Parliamentary constituency boundaries will change at the next UK general election. The four Boundary Commissions for England, Scotland, Wales and Northern Ireland published their final recommendations in late June 2023 following three rounds of public consultation.

The interactive map dashboard below shows how each constituency (or ‘seat’) in the UK will change and allows you to view the new boundaries. More information about the changes is provided below the dashboard.

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What are boundary reviews?

Constituency boundaries are reviewed periodically to make sure that constituencies are all roughly a similar size and respect local ties between areas. The reviews alter constituencies to reflect rising and falling populations and changes in the boundaries of the electoral wards that comprise them.

The current constituency boundaries were designed based on electorates in 2000 and have been in use since 2010. For more information on the process, see Commons Library research briefings on boundary reviews and public consultations.

The 2023 boundary review is stricter than previous ones when looking at how much electorates can vary in each constituency. Constituencies must now have populations within 5% of the ‘electoral quota’ of 73,393, except for five protected island seats such as Ynys Môn. Previously, closeness to the quota had been one of several factors and had not been limited to a set range.

How will seats change after the 2023 review?

Most constituencies will have new boundaries. We have measured the size of the changes by looking at the proportion of the population and residential premises in existing constituencies that move into new constituencies under these recommendations.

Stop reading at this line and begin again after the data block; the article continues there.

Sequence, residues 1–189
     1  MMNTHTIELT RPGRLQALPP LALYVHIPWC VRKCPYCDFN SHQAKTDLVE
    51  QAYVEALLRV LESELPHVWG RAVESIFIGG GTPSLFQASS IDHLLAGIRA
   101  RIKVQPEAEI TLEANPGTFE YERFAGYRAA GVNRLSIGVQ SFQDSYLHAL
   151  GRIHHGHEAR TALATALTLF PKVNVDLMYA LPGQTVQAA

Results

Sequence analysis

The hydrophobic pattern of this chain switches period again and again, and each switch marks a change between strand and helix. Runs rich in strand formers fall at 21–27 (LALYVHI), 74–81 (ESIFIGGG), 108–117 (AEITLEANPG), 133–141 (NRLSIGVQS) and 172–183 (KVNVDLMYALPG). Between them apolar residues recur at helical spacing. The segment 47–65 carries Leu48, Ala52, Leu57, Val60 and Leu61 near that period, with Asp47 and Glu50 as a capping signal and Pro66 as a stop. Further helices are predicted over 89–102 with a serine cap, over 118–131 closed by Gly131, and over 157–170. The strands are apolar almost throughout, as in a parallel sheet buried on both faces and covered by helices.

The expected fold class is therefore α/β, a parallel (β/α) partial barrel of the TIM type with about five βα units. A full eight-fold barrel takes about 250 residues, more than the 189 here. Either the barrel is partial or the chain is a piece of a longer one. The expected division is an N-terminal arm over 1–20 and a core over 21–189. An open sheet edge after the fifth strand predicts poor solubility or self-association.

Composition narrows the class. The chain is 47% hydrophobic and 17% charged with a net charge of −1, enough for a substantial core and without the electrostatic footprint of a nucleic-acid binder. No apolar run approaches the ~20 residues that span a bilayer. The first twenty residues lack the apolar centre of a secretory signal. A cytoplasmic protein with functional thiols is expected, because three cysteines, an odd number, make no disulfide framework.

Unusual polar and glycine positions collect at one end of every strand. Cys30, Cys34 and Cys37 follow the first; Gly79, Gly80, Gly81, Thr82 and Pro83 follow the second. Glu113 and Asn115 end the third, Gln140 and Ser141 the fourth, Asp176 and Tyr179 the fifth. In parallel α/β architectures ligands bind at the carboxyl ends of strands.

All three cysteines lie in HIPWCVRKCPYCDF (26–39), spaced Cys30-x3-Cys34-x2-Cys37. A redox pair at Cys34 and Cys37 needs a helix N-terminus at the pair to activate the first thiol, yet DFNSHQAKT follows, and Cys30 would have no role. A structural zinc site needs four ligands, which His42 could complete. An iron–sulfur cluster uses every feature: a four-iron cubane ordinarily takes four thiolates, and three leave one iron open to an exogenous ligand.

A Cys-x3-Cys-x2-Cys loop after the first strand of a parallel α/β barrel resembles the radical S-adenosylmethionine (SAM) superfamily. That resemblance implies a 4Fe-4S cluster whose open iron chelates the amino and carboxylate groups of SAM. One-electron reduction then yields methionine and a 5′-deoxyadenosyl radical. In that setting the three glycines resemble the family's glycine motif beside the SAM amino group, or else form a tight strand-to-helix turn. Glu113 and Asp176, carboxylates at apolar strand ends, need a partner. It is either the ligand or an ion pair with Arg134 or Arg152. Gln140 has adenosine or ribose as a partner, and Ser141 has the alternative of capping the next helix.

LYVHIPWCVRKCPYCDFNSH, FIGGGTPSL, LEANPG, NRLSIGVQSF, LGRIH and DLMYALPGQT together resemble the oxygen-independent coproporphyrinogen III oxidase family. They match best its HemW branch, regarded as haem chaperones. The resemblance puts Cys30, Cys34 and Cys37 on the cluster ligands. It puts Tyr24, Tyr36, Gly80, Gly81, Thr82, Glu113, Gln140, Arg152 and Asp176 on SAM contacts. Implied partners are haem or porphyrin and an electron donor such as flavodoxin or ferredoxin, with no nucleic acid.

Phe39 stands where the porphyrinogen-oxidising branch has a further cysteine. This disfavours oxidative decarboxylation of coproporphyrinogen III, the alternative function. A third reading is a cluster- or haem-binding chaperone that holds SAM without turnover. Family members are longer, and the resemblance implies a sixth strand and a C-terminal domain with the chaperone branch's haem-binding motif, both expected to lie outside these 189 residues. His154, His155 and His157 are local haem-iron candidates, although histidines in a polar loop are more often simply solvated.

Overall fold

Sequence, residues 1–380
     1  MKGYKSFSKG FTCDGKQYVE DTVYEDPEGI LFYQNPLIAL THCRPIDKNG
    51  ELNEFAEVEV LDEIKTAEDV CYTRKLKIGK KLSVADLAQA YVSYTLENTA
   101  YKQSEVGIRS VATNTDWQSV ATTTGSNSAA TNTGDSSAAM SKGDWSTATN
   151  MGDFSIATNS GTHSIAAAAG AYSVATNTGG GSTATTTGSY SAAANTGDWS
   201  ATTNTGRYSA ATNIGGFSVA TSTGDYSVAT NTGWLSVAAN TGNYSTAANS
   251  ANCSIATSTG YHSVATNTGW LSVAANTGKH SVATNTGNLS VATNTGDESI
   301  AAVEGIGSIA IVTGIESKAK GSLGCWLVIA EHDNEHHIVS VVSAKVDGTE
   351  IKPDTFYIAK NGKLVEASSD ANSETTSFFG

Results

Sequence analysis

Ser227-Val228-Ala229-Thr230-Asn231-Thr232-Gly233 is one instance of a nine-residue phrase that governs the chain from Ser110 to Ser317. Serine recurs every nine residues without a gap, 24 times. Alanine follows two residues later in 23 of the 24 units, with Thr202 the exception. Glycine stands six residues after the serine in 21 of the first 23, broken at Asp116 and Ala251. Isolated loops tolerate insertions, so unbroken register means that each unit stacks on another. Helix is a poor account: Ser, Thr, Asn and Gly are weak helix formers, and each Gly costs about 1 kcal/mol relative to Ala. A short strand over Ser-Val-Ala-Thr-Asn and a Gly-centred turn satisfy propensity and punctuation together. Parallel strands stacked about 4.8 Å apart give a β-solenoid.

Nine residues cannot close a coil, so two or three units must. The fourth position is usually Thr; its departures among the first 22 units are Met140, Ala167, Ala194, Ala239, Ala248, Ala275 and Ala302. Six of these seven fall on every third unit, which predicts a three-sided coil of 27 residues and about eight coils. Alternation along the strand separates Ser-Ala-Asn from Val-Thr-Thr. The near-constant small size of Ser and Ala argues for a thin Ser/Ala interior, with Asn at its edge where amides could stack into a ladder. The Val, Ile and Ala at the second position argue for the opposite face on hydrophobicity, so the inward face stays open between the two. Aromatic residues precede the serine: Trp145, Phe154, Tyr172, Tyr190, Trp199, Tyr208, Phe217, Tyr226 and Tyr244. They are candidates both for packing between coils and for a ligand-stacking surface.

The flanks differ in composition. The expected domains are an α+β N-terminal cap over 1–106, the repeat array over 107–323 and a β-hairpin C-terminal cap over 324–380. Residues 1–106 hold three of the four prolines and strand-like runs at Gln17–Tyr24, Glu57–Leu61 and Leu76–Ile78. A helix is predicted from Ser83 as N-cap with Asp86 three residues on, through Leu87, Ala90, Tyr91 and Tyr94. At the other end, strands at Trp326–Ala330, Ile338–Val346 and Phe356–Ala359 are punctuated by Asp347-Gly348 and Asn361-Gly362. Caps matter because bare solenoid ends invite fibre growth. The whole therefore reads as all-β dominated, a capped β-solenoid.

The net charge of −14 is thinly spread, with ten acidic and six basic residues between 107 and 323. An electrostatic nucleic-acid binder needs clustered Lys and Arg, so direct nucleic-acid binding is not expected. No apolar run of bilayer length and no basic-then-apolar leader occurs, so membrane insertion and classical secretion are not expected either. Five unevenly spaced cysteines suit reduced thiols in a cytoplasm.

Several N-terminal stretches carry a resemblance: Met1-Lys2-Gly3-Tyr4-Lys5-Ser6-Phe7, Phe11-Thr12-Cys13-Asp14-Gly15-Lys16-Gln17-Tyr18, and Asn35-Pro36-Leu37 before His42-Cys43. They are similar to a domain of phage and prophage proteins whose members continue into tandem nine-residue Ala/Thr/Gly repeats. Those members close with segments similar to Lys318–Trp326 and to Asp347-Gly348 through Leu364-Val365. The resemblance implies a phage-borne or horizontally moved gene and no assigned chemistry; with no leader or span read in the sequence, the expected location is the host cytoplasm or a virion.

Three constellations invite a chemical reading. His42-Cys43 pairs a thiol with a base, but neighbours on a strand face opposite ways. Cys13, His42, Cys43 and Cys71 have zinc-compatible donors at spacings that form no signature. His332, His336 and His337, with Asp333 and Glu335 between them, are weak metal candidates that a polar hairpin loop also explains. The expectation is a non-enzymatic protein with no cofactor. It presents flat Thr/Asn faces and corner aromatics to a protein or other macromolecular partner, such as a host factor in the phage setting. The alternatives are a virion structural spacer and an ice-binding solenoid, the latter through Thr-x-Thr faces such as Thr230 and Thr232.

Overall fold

Overall, just over half of the existing constituencies (332) will be very similar to their closest successor (with over 90% of premises in the same constituency before and after the change).

No change

65 seats (one in 10) will have no change to their boundaries, although four of these will have a new name. The remaining 585 seats will have at least some change.

Small change

40 seats will have only a small change to their boundaries (in some cases affecting only a few premises).

Enlarged constituencies

76 seats will be enlarged compared with their current boundaries. This means that the new constituency covers all (or almost all) of the current constituency’s area, but also extends to areas that used to be part of different constituencies. These seats would mostly have been too small to meet the minimum electorate threshold in their current form. An example, Clacton, is shown in the map below.

Map showing how the boundaries of Clacton have changed after the Boundary review

Reduced constituencies

73 seats will be reduced in size compared with their current boundaries. This means that they give up areas to other new constituencies but gain no (or almost no) new areas. These seats would mostly have had electorates higher than the maximum threshold in their current form. An example, Sheffield Central, is shown in the map below.

Map showing how the boundaries of Sheffield C have changed after the Boundary review

Information on each constituency can be viewed in the dashboard above or in the data tables.

Which constituencies will be abolished?

A constituency is sometimes said to be “abolished” if its area is split between many surrounding constituencies and/or there is no obvious successor.

There is no definitive list of abolished constituencies, but we can look at constituencies that will be split the most. The table below shows the 15 current seats with the lowest similarity to their ‘closest successor’ – the new constituency that resembles them most closely.